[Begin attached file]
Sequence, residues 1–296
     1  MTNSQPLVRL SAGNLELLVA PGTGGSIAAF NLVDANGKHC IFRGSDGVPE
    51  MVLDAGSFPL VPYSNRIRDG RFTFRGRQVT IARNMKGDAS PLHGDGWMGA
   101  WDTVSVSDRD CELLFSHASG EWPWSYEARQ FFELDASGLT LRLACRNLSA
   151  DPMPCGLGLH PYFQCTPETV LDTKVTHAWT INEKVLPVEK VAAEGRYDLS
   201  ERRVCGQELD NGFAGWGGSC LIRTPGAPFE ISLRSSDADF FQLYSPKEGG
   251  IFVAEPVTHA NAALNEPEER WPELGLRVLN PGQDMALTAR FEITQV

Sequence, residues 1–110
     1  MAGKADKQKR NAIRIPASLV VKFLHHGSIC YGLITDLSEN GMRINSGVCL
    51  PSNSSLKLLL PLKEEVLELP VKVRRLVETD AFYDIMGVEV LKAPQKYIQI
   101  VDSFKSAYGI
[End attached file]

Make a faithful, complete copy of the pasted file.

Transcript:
Sequence, residues 1–296
     1  MTNSQPLVRL SAGNLELLVA PGTGGSIAAF NLVDANGKHC IFRGSDGVPE
    51  MVLDAGSFPL VPYSNRIRDG RFTFRGRQVT IARNMKGDAS PLHGDGWMGA
   101  WDTVSVSDRD CELLFSHASG EWPWSYEARQ FFELDASGLT LRLACRNLSA
   151  DPMPCGLGLH PYFQCTPETV LDTKVTHAWT INEKVLPVEK VAAEGRYDLS
   201  ERRVCGQELD NGFAGWGGSC LIRTPGAPFE ISLRSSDADF FQLYSPKEGG
   251  IFVAEPVTHA NAALNEPEER WPELGLRVLN PGQDMALTAR FEITQV

Sequence, residues 1–110
     1  MAGKADKQKR NAIRIPASLV VKFLHHGSIC YGLITDLSEN GMRINSGVCL
    51  PSNSSLKLLL PLKEEVLELP VKVRRLVETD AFYDIMGVEV LKAPQKYIQI
   101  VDSFKSAYGI